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Use of Rice Husk Ash for Adsorptive Removal of Cobalt (II) ions along with Kinetic, Isothermal and Thermodynamical Modelling.

Byline: UZMA ZAFAR, SUMRA NAEEM, RABIA REHMAN, MUHAMMAD ZIA-UL-HAQ, AND NAZIR AHMAD

Summary: Rice husk ash (RHA) has been employed in this research work for Co (II) ions adsorptive amputation from water in batch mode. Optimized conditions for Co (II) adsorption came out as: pH [?] 7.5, adsorbent dose [?] 20 gl -1 of metal ion solution and equilibrium time [?] 120 minutes for the initial Co (II) concentration range of 50-200 mgl -1 , following pseudo-second order kinetics. Langmuir isothermal model was more applicable as compared to Freundlich and Dubnin- Radushkevich (D-R), within the concentration range studied; indicating that monolayer chemisorption of Co (II) ions occurred on homogenously distributed binding sites on RHA. Thermodynamic parameters value of (delta)H 0 =-18.448KJ/mole and (delta)G 0 =-5.195KJ/mol at 283K suggests that the adsorption of Co (II) on RHA is an exothermic and spontaneously feasible process. (delta)G 0 becomes less negative at higher temperature and therefore less cobalt is adsorbed at higher temperatures. So, it is concluded from this study that RHA can be effectively used for adsorption of Co (II) ions.

Keywords: Cobalt (II), Rice husk ash, adsorption.

Introduction

Increasing environmental pollution is a serious challenge for scientists. Heavy metal ions is of great concern because of their carcinogenity, non- biodegradability and bio-accumulative properties [1]. Cobalt as a natural element occurred in certain earth crust having several radio-isotopes. Due to its colouring and ferromagnetic nature, its compounds are widely employed in enamels, nuclear medicine, grinding wheels, semiconductors, painting on glass and porcelain, in electroplating, in vitamin B 12 manufacture, and as a catalyst for organic syntheses. Cobalt salts solubility varied from highly soluble to insoluble range. Its salts are highly persistent in water usually with a half-life greater than 200 days.

It has both beneficial and harmful effects on health. Its excessive concentration stored in liver, kidney and pancreas in human beings. 5-8 (mu)g is tolerable ingestion limit, but its excess leads to thyroid gland enlargement, diarrhoea, numbness in fingers and polycythenia (increased number of RBCs in blood) [2, 3]. The maximum permissible concentration cobalt in fresh waters and ground water are 2.8 and 3.2 (mu)gl -1 respectively [4]. Therefore it is necessary to remove Co (II) ions from industrial effluents before their discharge into main water streams. Various physiochemical ways are adopted for its removal like: chemical precipitation or flocculation, reverse osmosis, cation exchange resins and adsorption. Among all these methods adsorption on activated carbon is more effective. But high cost of activated carbon urged scientists to search more adsorbents using indigenous resources [5, 6].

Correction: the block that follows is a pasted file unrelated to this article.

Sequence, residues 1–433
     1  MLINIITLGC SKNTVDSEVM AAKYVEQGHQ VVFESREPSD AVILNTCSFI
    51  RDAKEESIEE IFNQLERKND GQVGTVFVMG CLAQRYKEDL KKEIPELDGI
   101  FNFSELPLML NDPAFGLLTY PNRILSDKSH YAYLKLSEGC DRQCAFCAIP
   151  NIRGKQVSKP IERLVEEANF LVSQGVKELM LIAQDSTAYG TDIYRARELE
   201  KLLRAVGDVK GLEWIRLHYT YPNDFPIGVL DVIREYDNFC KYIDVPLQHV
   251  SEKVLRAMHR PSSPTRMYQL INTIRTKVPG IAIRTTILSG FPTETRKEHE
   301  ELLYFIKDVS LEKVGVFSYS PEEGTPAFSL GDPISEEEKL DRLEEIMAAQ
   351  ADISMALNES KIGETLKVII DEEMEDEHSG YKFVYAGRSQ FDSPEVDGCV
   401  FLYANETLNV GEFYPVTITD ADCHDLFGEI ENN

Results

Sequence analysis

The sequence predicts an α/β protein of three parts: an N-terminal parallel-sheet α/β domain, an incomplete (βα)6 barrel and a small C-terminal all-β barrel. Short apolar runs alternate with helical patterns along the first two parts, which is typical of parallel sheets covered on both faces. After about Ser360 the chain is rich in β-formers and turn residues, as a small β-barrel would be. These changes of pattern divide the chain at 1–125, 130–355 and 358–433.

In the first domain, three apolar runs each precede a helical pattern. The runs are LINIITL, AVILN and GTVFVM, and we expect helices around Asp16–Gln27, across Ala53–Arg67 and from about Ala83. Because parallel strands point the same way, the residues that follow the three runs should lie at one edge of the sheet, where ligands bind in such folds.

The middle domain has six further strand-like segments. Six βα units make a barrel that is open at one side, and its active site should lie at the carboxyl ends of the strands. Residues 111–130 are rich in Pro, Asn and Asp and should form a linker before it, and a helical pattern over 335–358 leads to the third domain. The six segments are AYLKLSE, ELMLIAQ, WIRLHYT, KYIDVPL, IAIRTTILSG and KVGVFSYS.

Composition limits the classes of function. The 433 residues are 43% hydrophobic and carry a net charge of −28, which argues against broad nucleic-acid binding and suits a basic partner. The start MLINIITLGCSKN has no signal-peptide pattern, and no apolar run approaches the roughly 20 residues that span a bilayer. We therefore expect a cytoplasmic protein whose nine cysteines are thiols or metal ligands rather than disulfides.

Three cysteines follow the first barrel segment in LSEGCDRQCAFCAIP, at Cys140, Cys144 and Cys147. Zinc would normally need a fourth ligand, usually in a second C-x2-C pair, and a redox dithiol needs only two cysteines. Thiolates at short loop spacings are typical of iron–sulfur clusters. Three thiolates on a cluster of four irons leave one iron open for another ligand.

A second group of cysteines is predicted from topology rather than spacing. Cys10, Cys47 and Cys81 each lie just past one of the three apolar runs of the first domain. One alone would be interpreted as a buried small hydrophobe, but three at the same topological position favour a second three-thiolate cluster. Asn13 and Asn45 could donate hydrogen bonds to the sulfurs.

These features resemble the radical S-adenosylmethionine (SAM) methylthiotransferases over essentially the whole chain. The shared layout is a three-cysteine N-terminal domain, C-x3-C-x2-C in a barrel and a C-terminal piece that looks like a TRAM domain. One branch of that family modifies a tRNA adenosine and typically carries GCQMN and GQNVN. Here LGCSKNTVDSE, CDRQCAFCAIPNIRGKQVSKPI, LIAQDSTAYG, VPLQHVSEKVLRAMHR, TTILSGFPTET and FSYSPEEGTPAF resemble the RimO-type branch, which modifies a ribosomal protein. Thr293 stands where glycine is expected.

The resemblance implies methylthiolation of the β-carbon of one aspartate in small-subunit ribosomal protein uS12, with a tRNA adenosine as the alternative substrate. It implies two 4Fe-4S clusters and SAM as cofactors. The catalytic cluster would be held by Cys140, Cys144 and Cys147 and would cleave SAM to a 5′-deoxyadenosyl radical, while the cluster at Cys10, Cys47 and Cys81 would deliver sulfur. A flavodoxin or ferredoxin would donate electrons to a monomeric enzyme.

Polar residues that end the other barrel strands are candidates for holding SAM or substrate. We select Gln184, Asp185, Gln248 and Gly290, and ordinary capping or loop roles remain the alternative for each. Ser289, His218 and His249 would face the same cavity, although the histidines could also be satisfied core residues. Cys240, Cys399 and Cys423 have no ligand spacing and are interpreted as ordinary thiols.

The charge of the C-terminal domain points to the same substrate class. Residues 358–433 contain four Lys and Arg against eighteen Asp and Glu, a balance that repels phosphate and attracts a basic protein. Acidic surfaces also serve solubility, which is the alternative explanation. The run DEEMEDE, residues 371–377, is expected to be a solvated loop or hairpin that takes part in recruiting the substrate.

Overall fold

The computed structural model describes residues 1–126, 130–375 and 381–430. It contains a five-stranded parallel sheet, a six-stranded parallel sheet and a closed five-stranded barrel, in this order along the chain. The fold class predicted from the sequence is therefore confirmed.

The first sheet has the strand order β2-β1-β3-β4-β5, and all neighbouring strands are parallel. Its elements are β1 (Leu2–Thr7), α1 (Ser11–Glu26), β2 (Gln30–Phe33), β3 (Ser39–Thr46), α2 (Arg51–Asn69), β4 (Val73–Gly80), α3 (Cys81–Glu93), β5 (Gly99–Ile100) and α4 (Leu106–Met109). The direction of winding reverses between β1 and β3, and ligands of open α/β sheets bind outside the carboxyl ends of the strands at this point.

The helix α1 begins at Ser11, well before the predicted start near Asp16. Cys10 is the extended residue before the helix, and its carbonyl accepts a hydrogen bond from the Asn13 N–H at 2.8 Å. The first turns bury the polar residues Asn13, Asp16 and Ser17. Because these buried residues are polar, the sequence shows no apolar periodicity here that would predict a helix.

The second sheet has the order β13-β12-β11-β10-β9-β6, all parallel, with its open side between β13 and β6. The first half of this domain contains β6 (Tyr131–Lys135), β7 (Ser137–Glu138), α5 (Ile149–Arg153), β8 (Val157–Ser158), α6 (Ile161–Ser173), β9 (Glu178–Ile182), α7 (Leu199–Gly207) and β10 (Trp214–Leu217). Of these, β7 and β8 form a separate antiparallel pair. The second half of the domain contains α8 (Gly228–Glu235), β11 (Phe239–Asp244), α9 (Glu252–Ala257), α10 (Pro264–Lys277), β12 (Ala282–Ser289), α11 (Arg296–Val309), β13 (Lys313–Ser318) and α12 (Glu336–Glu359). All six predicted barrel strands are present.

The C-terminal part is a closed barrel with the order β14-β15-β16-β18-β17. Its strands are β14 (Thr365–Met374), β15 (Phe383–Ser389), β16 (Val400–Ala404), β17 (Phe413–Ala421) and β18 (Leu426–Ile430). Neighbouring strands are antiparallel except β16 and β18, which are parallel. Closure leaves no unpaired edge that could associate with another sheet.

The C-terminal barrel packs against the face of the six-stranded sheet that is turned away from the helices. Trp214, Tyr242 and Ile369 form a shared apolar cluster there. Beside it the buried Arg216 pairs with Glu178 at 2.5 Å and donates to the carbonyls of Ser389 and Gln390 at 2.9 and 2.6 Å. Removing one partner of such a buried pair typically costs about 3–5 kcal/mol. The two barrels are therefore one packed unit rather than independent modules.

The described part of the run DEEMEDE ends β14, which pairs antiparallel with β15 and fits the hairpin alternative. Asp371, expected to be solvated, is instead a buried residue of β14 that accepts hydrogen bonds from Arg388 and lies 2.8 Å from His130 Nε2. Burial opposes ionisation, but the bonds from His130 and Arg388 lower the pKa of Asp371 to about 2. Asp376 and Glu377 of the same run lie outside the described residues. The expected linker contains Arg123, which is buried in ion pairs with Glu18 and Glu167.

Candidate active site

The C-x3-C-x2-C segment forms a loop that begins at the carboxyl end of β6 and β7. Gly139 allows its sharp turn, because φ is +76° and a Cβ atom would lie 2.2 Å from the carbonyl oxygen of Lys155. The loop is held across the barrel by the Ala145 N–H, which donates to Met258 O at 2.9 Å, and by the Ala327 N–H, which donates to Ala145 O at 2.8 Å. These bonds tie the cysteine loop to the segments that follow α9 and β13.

Various scientists employed different adsorbing materials like agrowaste materials, clays, zeolites, plant leaves etc [7-10]. Rice husk ash has potential to adsorb low concentrations of contaminants from aqueous solutions [11]. More than 100 million tonnes rice husk is generated from rice milling industry annually as a by-product [12], 96% of which came from Asian and African countries. Carbon and silica are main constituents of rice husk. When it is burnt, nearly 20 wt% remains as ash. RHA has mostly contained [greater than or equal to] 95 wt% of silica having more porosity and greater surface area. It has already been reported as a useful adsorbent for lead, cadmium, chromium, zinc, nickel, gold, phenols and dyes removal from water [13, 14].

This study is focussing to explore the possibility of rice husk ash use as adsorbent for Co (II) ions amputation from water. Initially adsorption parameters were optimized followed by kinetics, isothermal and thermodynamic studies of adsorption using optimized conditions of all parameters.

Results and Discussion

Adsorbent Characterization

Physio-chemical characteristics of RHA are enlisted in Table-1. It is clear from Table-1 that RHA largely consisted of SiO 2 . The chemical composition %age varied in different RHA samples depending on sowing and geo-tropical conditions along with fertilizer and soil chemistry [12, 13]. X-ray diffraction pattern and SEM micrograph of adsorbent are depicted in Figs. 1 and 2. Fig. 1 confirms the presence of excessive silica in the sample as obtained by ashing the rice husk below 700 o C (Table-1). Silica occurs in several forms (polymorphs) within the husks. In nature, the polymorphs of silica are quartz; Cristobalite; Tridymite, Coesite; Stishovite; lechatelerite and opal [15]. Whereas SEM micrograph indicated that RHA has porous heterogeneous surface, which is helpful in physio- sorption.

Table-1: Physiochemical characteristics of the rice husk ash.

###Chemical Composition (%)###

Loss on ignition###12.2

SiO2###84.3

Fe2O3###0.6

Al2O3###0.3

MgO###0.5

CaO###1.4

Na2O###0.4

K2O###0.2###

Physical Characteristics

Surface area (m2.g-1)###57.5

Bulk density (g.cm-3)###0.96

Mean Diameter (m)###3.02 x 10-4

Contact Time Effect

It was investigated at various contact time intervals ranging between 10-180 min for the initial Co (II) ions concentration varying in between 50-200 mgl -1 range and results are graphically depicted in Fig. 3. It indicated that Co (II) adsorption on RHA was rapid in first 10 min at 306 K, and equilibrium reached after 120 min. After that it only increased more 0.93 % further till 180 min interval and becomes almost constant after equilibrium establishment. Hence 120 min contact time was used for all further studies.